At SCOR Velogica, we are constantly pushing the boundaries of innovation in automated underwriting – working with data providers, fine tuning our algorithm and developing insights to ensure that our platform remains at the forefront of the industry.
Investments in technology, processes and people help us deliver a best-of-breed offering to our clients. However, in today’s hyper-connected world, none of this matters if we can’t deliver security that meets (and exceeds) our client’s data protection requirements. We handle some of the most sensitive data available on our clients’ insureds – and we treat and protect it as if we collected it ourselves.
Protecting Sensitive Data
Implementing a strict data protection protocol while allowing business users to do their jobs is an expensive endeavor with many moving parts and detailed technical configurations. Any misstep in this multilayered approach to security could potentially expose sensitive data to malicious actors. Finding and hiring skilled security analysts, purchasing expensive hardware/software solutions and implementing strict security policies make information protection a complex part of doing business.
While the above outlines what most organizations should be doing to protect sensitive data, it is not what all organizations are doing, primarily because of the complexity and maintenance of required configurations. In the “on premise” world of a company’s own data center, staffing is charged with not only protecting assets from compromise, but also matters such as ensuring the data center has enough capacity, redundant power feeds, appropriate cooling, etc. None of these efforts are core to a company’s business; instead, they add overhead that prevents 100% focus on the delivery of business solutions – like automated underwriting.
To achieve gold standard data protection while keeping resources and energy focused on automated underwriting, SCOR moved Velogica to the cloud in 2015, and we have not looked back. In addition to high availability and operational agility, we have significantly increased our security posture while reducing operational overhead. How is this possible?
Cloud benefits from its sheer scale, propensity towards automation, explicit logging and commitment to security. The major cloud vendors know that if there is ever a data breach on their platforms (where they are at fault, not due to a customer misconfiguration), there will be a significant impact to their business. They invest heavily in security, the auditability of their platforms and compliance offerings – more so than most organizations can afford to do.
The customer-cloud relationship is one of shared responsibility for security. As one moves up the cloud stack, the responsibility for security transitions from 100% provider to 100% customer, which allows organizations to focus on protecting what they know very well (e.g., the Velogica offering and underlying data) and allows the cloud provider to do what they do best: protecting the underlying infrastructure and providing tools and services for the customer to use (if they choose) to further protect their data.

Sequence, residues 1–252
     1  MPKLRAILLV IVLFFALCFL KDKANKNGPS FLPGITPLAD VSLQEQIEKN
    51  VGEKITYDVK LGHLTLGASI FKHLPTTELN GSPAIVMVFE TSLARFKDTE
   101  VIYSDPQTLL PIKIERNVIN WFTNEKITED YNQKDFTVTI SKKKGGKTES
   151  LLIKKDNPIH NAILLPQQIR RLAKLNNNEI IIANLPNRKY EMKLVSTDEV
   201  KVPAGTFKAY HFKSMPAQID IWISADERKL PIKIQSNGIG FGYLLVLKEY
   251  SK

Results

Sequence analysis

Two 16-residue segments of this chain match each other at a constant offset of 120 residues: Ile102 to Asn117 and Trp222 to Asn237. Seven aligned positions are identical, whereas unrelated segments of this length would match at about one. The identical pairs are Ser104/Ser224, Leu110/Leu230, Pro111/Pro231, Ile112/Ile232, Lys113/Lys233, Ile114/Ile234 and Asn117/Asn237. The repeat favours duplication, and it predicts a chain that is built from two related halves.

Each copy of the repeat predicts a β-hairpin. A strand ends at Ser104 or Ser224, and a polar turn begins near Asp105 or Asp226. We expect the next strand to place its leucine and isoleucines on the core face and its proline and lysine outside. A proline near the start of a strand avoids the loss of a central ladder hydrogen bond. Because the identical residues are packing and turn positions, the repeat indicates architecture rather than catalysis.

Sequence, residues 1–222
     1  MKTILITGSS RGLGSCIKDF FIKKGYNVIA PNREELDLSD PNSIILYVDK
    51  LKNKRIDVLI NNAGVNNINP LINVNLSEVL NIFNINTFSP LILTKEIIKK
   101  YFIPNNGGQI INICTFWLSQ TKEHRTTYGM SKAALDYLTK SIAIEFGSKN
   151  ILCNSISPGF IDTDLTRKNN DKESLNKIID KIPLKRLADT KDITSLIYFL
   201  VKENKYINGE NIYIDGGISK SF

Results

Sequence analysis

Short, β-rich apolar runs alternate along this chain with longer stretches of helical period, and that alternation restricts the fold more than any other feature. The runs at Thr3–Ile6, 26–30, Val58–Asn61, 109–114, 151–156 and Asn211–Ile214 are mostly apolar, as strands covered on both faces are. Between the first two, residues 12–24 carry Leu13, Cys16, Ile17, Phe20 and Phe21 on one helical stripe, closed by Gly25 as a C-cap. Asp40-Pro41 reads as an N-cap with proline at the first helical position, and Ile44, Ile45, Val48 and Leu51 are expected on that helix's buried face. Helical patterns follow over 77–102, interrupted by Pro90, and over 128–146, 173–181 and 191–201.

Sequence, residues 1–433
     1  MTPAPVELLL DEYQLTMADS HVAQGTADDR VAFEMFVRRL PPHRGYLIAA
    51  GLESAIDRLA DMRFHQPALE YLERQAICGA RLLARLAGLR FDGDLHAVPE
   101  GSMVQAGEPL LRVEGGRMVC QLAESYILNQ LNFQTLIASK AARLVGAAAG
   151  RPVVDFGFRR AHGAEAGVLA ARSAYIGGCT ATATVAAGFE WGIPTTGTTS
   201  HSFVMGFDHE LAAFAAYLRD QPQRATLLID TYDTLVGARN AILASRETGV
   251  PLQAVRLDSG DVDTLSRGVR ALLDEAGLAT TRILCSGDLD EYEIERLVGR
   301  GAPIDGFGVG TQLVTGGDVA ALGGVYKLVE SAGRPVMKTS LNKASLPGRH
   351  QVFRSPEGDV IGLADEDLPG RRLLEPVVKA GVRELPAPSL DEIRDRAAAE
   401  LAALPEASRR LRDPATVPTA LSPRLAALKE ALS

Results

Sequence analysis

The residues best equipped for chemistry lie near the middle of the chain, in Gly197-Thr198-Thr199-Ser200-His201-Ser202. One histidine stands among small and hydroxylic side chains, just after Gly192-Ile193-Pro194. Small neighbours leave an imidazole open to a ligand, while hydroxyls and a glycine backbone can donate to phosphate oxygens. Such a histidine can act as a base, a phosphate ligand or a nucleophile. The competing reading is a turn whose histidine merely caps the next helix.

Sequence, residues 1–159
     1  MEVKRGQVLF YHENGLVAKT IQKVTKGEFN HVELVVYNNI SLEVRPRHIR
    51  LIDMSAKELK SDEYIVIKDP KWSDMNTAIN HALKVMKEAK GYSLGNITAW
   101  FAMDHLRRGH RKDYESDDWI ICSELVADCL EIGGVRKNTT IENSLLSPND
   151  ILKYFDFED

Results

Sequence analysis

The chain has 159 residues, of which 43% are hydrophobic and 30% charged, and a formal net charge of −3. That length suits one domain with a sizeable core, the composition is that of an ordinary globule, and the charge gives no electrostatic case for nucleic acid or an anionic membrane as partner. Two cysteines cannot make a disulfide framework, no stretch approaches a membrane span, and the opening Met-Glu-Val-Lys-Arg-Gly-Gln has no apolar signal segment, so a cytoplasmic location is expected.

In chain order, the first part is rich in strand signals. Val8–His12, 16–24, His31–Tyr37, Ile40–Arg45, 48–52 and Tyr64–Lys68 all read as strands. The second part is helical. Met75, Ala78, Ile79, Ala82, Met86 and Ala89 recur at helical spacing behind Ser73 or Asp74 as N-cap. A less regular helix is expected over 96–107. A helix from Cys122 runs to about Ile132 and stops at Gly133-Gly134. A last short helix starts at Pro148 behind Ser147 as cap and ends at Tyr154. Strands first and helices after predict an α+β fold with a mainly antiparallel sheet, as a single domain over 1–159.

Figure 1 - Click on the image above to view at larger size
We found the following tools/services especially valuable features of the cloud that others in the insurance industry could find helpful:
Ubiquitous Encryption. Data is fully encrypted over the network, at the disk level and within the database, and the cloud customer controls the encryption keys. While encryption can be done in an on-premises environment, it often takes a team to maintain and tune the hardware and software required (PKI isn’t easy) to do this. In the cloud, it is all handled via a single console or API call.
Logging & Auditing. All calls related to infrastructure (e.g., create a server, add a user, grant/deny permissions, add storage, start a database) and applications (file transfers, services starting/stopping) are logged. While this in itself is nothing special, the cloud platform allows analysis and alerting of these activities in real time, with the ability to set thresholds and alert mechanisms not only to monitor infrastructure performance, but also to add visibility to the age old question of “Who did what, when?”
Segregation/Localization of Data. To be compliant with data protection laws, it is important to know where regulated data resides, and ensure that it does not move unless the transfer is initiated by the authorized entity. Cloud providers are very sensitive to data localization issues and put controls in place so that data stays in the local region (with no automated transfers to other regions) until purposefully moved.
Authentication and Authorization. Defining who has access to what resources, as with other aspects of cloud administration, is a matter of clicks and/or API calls. Choosing to enforce multifactor authentication, ssh key-based logins and getting detailed, real-time access reports typically do not cost anything more than the per-use charges.
Moving to the cloud is not an easy endeavor. However, when planned correctly and using trusted partners, validated migration techniques and best-of-breed architectures, most organizations should find that they can be more secure in the cloud than in their own data centers. The business, information technology and security benefits are clear to support such a move, freeing company resources to concentrate on improving the core competencies of the carrier’s business initiatives.
If you would like more information on Velogica and its data protection environment, please contact Dave Dorans or me.